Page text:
The enterprise infrastructure providers who play the long game understand that the conversation has shifted. We see investments across the industry into increased levels of manageability, flexible as-a-Service options, and public cloud integration. Some vendors do this well, and some do the bare minimum. Pure Storage, with its consistently high NPS scores, clearly understands its customer base and places the customer experience front-and-center. 

I don't know that there's a name yet for the era that we're in where every infrastructure is hybrid-multi-cloud with a smattering of edge and, maybe, AI. But we're clearly in a new era. It's one that is defined by the experience of consuming IT resources. Pure Storage was here early. 

Pure Storage's execution is anchored by a cadence of innovation singularly focused on simplifying the modern data experience. Pure continues to deliver that with today's introduction of Pure Fusion and Portworx Data Services.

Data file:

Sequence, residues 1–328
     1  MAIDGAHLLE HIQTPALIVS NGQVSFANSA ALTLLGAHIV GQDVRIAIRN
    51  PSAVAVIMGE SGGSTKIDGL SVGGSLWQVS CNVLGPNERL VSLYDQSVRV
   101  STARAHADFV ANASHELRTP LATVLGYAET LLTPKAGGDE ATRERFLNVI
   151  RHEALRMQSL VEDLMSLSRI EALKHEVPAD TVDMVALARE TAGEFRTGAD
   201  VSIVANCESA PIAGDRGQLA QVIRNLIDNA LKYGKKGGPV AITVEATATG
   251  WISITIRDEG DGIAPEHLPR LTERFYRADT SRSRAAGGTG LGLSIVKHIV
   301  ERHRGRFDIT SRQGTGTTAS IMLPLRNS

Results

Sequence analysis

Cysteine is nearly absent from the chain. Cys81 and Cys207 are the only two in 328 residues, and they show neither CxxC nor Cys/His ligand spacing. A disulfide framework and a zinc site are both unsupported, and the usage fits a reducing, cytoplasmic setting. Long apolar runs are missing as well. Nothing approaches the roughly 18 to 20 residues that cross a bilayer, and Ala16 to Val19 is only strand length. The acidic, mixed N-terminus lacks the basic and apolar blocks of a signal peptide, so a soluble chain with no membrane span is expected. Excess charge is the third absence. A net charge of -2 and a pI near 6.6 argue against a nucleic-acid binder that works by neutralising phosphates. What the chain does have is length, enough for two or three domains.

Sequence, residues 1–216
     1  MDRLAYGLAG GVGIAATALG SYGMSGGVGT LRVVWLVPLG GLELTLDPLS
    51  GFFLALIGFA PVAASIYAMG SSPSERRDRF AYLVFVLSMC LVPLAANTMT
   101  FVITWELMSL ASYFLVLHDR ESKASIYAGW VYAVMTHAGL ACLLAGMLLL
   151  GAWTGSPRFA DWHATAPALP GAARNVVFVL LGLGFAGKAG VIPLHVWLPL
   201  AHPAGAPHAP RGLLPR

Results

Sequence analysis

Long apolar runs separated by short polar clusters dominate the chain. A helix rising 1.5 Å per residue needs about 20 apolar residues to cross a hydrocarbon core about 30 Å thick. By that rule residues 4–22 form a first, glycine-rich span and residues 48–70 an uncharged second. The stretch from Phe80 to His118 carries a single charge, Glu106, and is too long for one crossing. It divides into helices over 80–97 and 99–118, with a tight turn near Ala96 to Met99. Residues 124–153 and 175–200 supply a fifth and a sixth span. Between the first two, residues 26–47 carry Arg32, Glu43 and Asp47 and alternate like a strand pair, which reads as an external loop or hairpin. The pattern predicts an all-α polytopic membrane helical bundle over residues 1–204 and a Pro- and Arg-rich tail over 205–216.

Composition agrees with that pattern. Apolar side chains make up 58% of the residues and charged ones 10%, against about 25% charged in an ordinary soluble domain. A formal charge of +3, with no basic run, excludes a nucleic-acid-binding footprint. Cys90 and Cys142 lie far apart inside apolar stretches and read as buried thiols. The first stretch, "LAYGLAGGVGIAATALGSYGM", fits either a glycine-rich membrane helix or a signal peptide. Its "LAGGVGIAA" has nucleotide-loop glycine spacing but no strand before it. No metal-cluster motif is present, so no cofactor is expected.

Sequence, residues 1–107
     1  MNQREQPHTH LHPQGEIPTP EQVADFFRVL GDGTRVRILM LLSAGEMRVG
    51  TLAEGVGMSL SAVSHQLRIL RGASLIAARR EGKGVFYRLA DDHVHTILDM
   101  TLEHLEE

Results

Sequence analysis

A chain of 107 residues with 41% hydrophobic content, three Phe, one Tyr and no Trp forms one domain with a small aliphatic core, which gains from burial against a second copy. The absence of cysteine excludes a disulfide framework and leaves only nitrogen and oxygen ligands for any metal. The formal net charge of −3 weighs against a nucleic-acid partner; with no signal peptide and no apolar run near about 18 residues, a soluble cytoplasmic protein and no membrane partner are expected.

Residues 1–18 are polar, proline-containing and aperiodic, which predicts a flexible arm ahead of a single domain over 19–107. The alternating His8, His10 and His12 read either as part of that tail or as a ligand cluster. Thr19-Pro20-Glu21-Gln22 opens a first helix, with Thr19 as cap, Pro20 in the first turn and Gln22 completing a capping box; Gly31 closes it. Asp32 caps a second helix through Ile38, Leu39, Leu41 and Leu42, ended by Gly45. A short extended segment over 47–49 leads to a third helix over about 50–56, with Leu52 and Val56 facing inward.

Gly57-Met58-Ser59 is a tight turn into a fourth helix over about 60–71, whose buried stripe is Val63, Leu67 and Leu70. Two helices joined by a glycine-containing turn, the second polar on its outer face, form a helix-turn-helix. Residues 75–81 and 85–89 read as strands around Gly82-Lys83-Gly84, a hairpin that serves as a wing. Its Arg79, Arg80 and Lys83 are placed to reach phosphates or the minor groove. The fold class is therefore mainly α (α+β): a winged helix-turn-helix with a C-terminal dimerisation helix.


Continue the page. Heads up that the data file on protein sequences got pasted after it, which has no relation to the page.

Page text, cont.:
Note: Moor Insights & Strategy writers and editors may have contributed to this article. 

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Patrick founded the firm based on his real-world world technology experiences with the understanding of what he wasn’t getting from analysts and consultants. Ten years later, Patrick is ranked #1 among technology industry analysts in terms of “power” (ARInsights)  in “press citations” (Apollo Research). Moorhead is a contributor at Forbes and frequently appears on CNBC. He is a broad-based analyst covering a wide variety of topics including the cloud, enterprise SaaS, collaboration, client computing, and semiconductors. He has 30 years of experience including 15 years of executive experience at high tech companies (NCR, AT&T, Compaq, now HP, and AMD) leading strategy, product management, product marketing, and corporate marketing, including three industry board appointments.